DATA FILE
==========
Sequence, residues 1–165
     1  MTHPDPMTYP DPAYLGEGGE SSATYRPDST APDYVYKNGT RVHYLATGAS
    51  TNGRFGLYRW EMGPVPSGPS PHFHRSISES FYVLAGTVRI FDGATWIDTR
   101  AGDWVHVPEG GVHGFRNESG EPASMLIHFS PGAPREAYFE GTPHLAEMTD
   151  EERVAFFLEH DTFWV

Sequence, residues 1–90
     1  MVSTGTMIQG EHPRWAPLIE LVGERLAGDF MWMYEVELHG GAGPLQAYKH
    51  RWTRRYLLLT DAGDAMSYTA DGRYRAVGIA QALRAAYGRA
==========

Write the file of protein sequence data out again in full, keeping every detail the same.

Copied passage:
Sequence, residues 1–165
     1  MTHPDPMTYP DPAYLGEGGE SSATYRPDST APDYVYKNGT RVHYLATGAS
    51  TNGRFGLYRW EMGPVPSGPS PHFHRSISES FYVLAGTVRI FDGATWIDTR
   101  AGDWVHVPEG GVHGFRNESG EPASMLIHFS PGAPREAYFE GTPHLAEMTD
   151  EERVAFFLEH DTFWV

Sequence, residues 1–90
     1  MVSTGTMIQG EHPRWAPLIE LVGERLAGDF MWMYEVELHG GAGPLQAYKH
    51  RWTRRYLLLT DAGDAMSYTA DGRYRAVGIA QALRAAYGRA